Our standard sales contract consists of 14 pages, 66 standard paragraphs, and numerous sub-paragraphs. It’s not only long but extremely tedious. I expect it would provide excellent therapy for even the worst insomniac. It’s easy to be confused by some of the standard provisions.
Most notably, Paragraph J1, related to property inspections, seems highly misunderstood. Unless deleted elsewhere, this paragraph allows the purchaser a period of time in which to perform a physical inspection of the property. It includes the right to inspect all public records and regulations related to the property. It is interesting to note that the physical inspection may be performed by anyone the buyer wishes.
Nothing requires the buyer to use a licensed contractor or certified home inspector. Unlike many states and municipalities, Hawai`i requires no pre-sale public inspections. Inspectors are not licensed, and not all inspectors are created equal. Ask for recommendations. With few exceptions, homes can be sold “as is” without regard to condition or permits. The confusion seems to be related to what happens after the inspection is completed.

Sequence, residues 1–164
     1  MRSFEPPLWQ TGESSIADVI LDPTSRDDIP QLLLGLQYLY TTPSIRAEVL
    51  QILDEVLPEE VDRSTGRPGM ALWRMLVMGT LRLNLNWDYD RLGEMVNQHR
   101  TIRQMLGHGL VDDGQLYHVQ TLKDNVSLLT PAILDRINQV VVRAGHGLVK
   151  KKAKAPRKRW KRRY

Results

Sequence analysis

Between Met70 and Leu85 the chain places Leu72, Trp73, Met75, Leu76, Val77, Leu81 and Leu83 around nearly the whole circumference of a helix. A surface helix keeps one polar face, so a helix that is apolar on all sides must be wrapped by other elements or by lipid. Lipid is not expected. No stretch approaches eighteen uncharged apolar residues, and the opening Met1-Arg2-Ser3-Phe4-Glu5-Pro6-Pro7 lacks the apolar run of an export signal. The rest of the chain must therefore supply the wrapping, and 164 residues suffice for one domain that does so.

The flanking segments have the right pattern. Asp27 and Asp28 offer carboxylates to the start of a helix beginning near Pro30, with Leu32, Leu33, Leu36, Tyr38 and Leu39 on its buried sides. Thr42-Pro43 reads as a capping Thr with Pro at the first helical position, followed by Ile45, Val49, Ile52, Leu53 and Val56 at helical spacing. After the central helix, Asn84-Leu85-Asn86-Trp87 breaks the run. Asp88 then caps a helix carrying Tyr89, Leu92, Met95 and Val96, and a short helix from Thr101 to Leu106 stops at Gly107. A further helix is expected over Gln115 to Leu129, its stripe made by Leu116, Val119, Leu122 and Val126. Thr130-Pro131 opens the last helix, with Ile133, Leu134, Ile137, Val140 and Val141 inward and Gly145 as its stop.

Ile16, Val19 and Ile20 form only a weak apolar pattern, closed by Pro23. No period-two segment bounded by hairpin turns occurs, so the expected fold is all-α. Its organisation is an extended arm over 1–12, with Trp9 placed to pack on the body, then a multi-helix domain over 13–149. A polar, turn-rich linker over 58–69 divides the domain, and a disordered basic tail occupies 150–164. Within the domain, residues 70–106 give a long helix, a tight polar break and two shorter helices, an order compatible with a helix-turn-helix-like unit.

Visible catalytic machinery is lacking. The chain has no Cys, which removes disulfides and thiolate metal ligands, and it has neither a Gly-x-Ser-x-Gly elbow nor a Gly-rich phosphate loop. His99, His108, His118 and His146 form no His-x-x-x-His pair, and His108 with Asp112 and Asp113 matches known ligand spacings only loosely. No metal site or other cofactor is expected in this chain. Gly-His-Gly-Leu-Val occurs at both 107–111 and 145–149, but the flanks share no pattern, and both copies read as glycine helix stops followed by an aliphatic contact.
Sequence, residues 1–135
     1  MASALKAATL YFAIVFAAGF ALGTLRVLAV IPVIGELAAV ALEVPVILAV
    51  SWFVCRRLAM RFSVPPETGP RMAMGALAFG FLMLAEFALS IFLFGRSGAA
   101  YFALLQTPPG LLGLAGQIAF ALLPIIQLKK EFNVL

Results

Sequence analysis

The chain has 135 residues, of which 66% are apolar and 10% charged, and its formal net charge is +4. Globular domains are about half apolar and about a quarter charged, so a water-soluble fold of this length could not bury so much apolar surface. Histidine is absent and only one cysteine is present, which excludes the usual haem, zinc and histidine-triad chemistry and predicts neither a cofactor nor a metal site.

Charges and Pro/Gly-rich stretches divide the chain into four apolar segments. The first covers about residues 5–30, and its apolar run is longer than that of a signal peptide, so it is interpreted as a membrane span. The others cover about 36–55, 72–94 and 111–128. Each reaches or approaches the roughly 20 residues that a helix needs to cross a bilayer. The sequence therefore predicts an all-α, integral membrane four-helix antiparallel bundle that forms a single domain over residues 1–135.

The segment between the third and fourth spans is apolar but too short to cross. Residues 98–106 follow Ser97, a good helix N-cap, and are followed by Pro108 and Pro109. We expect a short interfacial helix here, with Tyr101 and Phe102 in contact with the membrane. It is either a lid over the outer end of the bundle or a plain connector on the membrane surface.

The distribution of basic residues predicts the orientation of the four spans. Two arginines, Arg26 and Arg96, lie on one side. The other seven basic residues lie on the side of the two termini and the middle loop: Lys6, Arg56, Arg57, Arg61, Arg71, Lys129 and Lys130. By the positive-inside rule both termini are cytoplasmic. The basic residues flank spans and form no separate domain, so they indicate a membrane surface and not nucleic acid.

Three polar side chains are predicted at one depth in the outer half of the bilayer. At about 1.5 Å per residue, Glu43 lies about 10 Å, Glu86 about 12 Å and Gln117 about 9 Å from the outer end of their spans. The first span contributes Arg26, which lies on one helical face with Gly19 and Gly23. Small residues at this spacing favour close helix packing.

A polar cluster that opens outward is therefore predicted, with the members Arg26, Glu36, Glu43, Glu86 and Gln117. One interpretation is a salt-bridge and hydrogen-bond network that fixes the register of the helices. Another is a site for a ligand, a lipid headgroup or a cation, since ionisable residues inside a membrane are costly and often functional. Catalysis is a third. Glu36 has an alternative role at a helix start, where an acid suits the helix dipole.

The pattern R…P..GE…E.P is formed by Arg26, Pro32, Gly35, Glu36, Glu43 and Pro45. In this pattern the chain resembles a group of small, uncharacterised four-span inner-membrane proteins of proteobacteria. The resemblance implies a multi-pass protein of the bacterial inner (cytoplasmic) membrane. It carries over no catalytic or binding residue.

What Happens Next?
Many are under the impression there is a contractual obligation for the seller to make repairs or correct permits prior to sale. Unless negotiated otherwise in the contract, the seller is under no obligation to make repairs or correct permits. The buyer can request repairs. Many sellers try to accommodate but are under no obligation to renegotiate price based on inspection findings. The buyer’s option, should the seller not wish to (or be able to) accommodate, is to withdraw from the transaction. However, the buyer must do so prior to the expiration of the inspection period, or the earnest money could be in jeopardy.
Termite inspections and survey results are addressed elsewhere in the contract. It’s a good idea to read through the contract early on; even before the offer is drafted. Give yourself time to make a list of questions for your agent. Remember, this provision is number J1 of the purchase contract. Understandably, focus seems to wander by the time that part is reviewed….but don’t become too focused on the numbers because guess what? It’s always changing.
And even though the purchase contract is not going to get any shorter, one thing will remain the same: understanding the process in advance helps avoid confusion and ensure buyer and seller expectations are in line with our not always entertaining, but oh so important, Purchase Contract!